Well, a lot’s wrong with that, actually. For starters, soliciting the Internet for all the original grist that goes into composing a song is creatively lazy (at best) and shamelessly exploitative (at worst). At the end of the day, it plays us all for suckers on the most fundamental level. To be clear, I don’t think Avicii is entirely to blame for this (I think our boy is suffering from a bad case of writer’s block, a little post-“Levels” performance anxiety, and the tendency to accept questionable career advice). Rather, the full thrust of our anger should be reserved for the schmucks who devised this whole moronic gambit in the first place, who are laughing en route to the bank because they think they’ve unearthed a groovy new way to harness our generation’s consumption of its music.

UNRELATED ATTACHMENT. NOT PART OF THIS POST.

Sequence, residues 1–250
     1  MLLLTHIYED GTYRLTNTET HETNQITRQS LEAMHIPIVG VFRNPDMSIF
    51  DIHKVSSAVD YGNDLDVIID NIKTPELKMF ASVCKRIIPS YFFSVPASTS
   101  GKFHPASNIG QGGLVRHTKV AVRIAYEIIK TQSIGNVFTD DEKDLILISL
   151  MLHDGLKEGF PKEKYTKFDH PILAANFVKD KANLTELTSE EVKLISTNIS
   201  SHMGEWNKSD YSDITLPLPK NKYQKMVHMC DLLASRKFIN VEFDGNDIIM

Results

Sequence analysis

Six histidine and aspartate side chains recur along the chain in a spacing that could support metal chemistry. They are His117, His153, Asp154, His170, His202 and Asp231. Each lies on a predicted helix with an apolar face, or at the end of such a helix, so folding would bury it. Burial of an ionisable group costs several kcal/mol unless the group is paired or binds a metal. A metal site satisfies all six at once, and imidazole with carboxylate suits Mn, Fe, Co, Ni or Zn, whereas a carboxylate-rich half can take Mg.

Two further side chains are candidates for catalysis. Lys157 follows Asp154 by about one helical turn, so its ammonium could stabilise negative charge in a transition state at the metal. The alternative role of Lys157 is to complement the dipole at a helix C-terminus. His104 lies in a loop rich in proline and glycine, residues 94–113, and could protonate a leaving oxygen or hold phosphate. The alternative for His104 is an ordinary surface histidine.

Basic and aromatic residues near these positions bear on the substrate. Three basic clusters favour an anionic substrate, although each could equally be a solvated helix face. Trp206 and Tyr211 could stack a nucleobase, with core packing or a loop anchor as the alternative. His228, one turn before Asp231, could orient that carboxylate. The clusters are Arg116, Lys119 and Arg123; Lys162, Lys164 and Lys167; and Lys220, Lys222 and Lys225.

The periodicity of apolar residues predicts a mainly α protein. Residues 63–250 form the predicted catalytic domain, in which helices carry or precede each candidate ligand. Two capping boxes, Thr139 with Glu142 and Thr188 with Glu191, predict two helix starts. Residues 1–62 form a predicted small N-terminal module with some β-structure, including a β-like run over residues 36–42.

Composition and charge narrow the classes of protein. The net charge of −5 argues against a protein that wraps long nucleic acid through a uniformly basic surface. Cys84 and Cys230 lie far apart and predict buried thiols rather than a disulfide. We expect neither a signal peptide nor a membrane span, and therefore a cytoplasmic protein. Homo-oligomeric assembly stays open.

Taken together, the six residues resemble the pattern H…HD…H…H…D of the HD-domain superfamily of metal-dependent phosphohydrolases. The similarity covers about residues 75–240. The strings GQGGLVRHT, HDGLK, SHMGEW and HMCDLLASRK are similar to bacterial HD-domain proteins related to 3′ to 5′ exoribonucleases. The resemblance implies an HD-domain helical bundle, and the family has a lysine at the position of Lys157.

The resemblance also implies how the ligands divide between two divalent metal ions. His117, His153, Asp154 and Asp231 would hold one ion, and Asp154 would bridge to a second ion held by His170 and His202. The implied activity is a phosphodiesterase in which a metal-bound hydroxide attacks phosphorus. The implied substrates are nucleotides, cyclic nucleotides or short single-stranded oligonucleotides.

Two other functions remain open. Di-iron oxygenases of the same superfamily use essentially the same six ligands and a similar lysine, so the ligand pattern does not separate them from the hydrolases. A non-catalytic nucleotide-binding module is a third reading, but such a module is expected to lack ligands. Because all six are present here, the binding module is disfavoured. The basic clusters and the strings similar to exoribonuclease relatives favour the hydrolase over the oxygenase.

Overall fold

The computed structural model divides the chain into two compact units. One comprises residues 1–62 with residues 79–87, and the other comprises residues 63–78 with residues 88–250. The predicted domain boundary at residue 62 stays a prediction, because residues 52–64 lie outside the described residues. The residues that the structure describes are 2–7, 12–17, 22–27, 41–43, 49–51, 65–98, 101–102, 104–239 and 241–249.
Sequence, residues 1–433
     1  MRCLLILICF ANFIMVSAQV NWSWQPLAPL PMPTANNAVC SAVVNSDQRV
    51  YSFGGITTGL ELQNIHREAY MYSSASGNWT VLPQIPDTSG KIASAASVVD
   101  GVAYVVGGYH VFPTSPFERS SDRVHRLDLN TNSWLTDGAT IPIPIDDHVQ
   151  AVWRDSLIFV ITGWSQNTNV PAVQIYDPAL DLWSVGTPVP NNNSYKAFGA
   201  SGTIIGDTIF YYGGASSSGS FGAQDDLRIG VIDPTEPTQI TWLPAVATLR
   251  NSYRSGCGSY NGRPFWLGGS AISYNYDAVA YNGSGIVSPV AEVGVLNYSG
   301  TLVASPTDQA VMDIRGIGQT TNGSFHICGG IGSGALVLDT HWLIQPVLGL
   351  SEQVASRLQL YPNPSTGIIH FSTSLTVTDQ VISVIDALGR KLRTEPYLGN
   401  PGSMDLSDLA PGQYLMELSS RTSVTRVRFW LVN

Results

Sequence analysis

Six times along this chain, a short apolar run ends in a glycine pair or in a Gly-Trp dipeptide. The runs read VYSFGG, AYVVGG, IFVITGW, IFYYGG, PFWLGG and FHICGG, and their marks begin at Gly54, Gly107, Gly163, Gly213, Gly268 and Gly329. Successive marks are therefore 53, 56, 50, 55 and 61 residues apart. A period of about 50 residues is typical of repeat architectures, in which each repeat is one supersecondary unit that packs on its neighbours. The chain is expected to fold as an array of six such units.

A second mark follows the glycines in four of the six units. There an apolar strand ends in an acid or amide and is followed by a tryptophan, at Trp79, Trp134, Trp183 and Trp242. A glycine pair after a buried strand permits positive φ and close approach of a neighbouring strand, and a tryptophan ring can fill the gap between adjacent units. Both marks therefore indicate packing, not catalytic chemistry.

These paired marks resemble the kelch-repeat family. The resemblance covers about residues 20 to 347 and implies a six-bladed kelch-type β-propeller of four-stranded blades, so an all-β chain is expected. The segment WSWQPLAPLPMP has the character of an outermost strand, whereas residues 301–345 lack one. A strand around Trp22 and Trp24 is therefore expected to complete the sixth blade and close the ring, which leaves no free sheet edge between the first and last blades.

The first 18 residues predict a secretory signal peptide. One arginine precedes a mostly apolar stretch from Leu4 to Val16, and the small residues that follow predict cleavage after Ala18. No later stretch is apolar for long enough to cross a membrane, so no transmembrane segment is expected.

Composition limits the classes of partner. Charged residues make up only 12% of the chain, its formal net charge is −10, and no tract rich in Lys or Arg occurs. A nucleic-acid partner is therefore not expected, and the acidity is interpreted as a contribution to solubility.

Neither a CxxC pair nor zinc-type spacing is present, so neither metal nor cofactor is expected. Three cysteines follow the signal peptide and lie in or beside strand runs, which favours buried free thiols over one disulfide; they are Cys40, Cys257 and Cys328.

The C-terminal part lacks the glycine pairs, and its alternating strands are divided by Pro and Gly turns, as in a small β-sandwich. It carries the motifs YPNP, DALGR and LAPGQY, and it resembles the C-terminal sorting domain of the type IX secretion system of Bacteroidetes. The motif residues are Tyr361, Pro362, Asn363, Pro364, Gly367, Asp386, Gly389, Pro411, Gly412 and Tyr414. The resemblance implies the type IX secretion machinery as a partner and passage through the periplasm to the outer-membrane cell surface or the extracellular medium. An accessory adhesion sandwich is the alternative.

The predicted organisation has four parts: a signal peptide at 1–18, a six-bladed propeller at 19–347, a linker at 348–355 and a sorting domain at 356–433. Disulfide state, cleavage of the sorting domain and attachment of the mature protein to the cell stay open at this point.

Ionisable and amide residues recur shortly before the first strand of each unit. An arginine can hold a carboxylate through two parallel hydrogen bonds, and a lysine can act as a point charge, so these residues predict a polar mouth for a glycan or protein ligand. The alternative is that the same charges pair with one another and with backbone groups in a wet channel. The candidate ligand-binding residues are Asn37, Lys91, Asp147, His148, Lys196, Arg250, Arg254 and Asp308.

Their problem — and their failure — is that in trying to harness our generation and our music, they’ve completely missed the point of our music. Electronic music isn’t compelling because seven nonspecific stems come together in one Ableton project. If that were the case, every schmo with a MacBook and a DAE would be Skrillex. To be compelling and awe-inspiring, the end result by definition must be greater than the sum of its parts. I suppose that’s the expectation for AVICII X YOU — but forgive me if I seem skeptical.